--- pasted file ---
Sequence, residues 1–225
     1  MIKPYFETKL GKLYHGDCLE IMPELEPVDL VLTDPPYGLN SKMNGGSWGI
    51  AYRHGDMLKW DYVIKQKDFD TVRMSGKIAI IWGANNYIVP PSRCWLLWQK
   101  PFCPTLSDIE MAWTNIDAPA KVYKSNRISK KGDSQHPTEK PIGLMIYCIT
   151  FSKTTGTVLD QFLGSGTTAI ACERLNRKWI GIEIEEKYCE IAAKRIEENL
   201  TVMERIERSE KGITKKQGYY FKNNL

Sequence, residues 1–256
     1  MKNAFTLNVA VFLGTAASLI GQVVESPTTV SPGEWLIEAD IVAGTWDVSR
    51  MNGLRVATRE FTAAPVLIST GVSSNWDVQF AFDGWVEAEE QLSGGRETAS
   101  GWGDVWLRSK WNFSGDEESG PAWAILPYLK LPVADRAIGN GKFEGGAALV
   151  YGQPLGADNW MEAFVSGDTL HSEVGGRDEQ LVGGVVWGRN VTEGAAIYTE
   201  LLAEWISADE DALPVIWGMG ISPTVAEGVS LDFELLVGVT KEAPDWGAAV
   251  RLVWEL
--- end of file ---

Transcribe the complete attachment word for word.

Sequence, residues 1–225
     1  MIKPYFETKL GKLYHGDCLE IMPELEPVDL VLTDPPYGLN SKMNGGSWGI
    51  AYRHGDMLKW DYVIKQKDFD TVRMSGKIAI IWGANNYIVP PSRCWLLWQK
   101  PFCPTLSDIE MAWTNIDAPA KVYKSNRISK KGDSQHPTEK PIGLMIYCIT
   151  FSKTTGTVLD QFLGSGTTAI ACERLNRKWI GIEIEEKYCE IAAKRIEENL
   201  TVMERIERSE KGITKKQGYY FKNNL

Sequence, residues 1–256
     1  MKNAFTLNVA VFLGTAASLI GQVVESPTTV SPGEWLIEAD IVAGTWDVSR
    51  MNGLRVATRE FTAAPVLIST GVSSNWDVQF AFDGWVEAEE QLSGGRETAS
   101  GWGDVWLRSK WNFSGDEESG PAWAILPYLK LPVADRAIGN GKFEGGAALV
   151  YGQPLGADNW MEAFVSGDTL HSEVGGRDEQ LVGGVVWGRN VTEGAAIYTE
   201  LLAEWISADE DALPVIWGMG ISPTVAEGVS LDFELLVGVT KEAPDWGAAV
   251  RLVWEL